6 items from 2017
The master of absurd and idiosyncratic documentaries, Errol Morris said of his first film that, “to love the absurdity of people is not to ridicule them but to embrace on some level how desperate life is for each and every one of us.” All 11 of his documentaries ranked here, including his latest “The B-Side” out today, are challenging and hilarious films that have shaped fiction and non-fiction movies alike. 11. “The Unknown Known” (2013) With “The Unknown Known,” Morris goes down the same rabbit hole as in “The Fog of War,” but he has to contend with Donald Rumsfeld’s elliptical, oxymoronic reasoning. »
- Brian Welk
If the mark of a true cinephile is how accurately they quote a Stanley Kubrick film, it’s no surprise that Errol Morris takes the cake. The Oscar-winning documentarian behind “The Thin Blue Line” and “The Fog of War” has a new movie coming out: “The B-Side,” about large-format Polaroid portrait photographer Elsa Dorfman. Morris recently regaled The Daily Beast with with memories of interviewing Donald Trump 15 years ago, and recalled a certain scene from “Dr. Strangelove.”
Read More: Film Acquisition Rundown: Neon Picks Up Errol Morris’ ‘The B-Side,’ FilmRise Gets Two Sundance Premieres and More
“I mean, it’s hard not to be just utterly appalled by it all. And so, yes, I am utterly appalled by it all,” said Morris.
“I can’t even stand people trying to make sense out of it. There’s no point in trying. There’s a scene I’ve always loved in ‘Dr. Strangelove, »
- Jude Dry
Documentary extraordinaire Errol Morris is back with The B-Side: Elsa Dorfman’s Portrait Photography. The Thin Blue Line and The Fog of War director’s focus this time is, as the title suggests, on his own friend and neighbor, portrait photographer Elsa Dorfman.
Dorfman began her career in the 1960s and 70s, photographing subjects who visited her Cambridge, Massachusetts studio, including family and friends and Beat generation poets like Lawrence Ferlinghetti and Allen Ginsberg. In the 1980s, Dorfman began using a Polaroid Land 20×24 camera, one of the largest format cameras in common use, for her work. Due to bankruptcy, Polaroid ceased production of its instant film products in 2008, leading Dorfman to stock up with a year’s supply of her camera’s last available 20 x 24 instant film.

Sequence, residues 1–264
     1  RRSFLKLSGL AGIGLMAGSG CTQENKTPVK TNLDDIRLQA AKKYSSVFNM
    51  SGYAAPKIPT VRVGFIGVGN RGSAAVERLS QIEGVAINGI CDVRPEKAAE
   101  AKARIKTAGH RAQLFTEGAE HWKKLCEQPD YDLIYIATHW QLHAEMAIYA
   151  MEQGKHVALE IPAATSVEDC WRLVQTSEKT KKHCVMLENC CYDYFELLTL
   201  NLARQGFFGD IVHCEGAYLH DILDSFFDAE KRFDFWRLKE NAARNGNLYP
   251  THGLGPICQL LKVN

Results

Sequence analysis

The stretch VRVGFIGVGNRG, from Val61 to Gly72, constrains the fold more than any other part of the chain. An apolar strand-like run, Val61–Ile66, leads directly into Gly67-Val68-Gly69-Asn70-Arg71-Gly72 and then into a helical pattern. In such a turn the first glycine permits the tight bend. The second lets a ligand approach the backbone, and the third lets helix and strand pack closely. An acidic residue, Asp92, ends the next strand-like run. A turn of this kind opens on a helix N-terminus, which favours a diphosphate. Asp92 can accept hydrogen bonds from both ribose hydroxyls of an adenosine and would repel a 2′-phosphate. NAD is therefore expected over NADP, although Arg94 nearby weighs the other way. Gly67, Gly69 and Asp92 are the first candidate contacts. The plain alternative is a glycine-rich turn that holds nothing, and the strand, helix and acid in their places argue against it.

Morris and Dorfman have been friends for 25 years, and the filmmaker hopes to shed light not just on his subject but also large-format photography. »
- The Film Stage
After expanding the possibilities of the documentary format in 1988’s “The Thin Blue Line,” Errol Morris has spent his career making movies about whatever subjects happen to interested him. Sometimes that means governmental officials with a dark legacy — his 2003 documentary about former Secretary of Defense Robert S. McNamara, “The Fog Of War,” famously won the Academy Award that year — but just as often, Morris is drawn to shine a light on lesser-known stories.
- Matthew Monagle
Filmmakers and stars have often taken a political stance by choosing which projects to make. But when the Academy Awards ceremony began in 1929 to honor the best in film, this created a more public way to demonstrate opinions about the state of the world, the government or a cause.
Not everyone has taken this opportunity though, except for maybe wearing the odd ribbon to support awareness or using their attendance (or lack thereof) to show solidarity. Those blessed by winning a coveted statuette, however, can use their actual acceptance speech as a platform to speak out. Although the awards started being televised in 1953, it took until the 1970s until winners began to really take advantage of having a massive audience for their views. And at times, even the Academy itself got political. »
- Hanh Nguyen
In the nearly 75 years since the Oscars began awarding a documentary feature, no non-fiction filmmaker has ever been nominated for director, despite being eligible for the prize.
The most obvious reason is that “directing” seems antithetical to the spirit of nonfiction, which is about revealing unsullied truths about the world in which we live. Documentary directors have been generally regarded as observers or journalists, rather than as creative artists, and the Oscar process has, until recently, rewarded more conservative approaches to the form.
Such prominent documentary figures as Errol Morris and Werner Herzog worked for decades before the Academy honored them. Morris’ “The Fog of War” won the 2004 Oscar and Herzog’s “Encounters at the End of the World” was nominated in 2009. But even those films, as quirky and iconoclastic as they are, operated in the familiar spheres of journalistic interrogation and fact-filled nature docs. It’s always been expected »
- Scott Tobias
6 items from 2017
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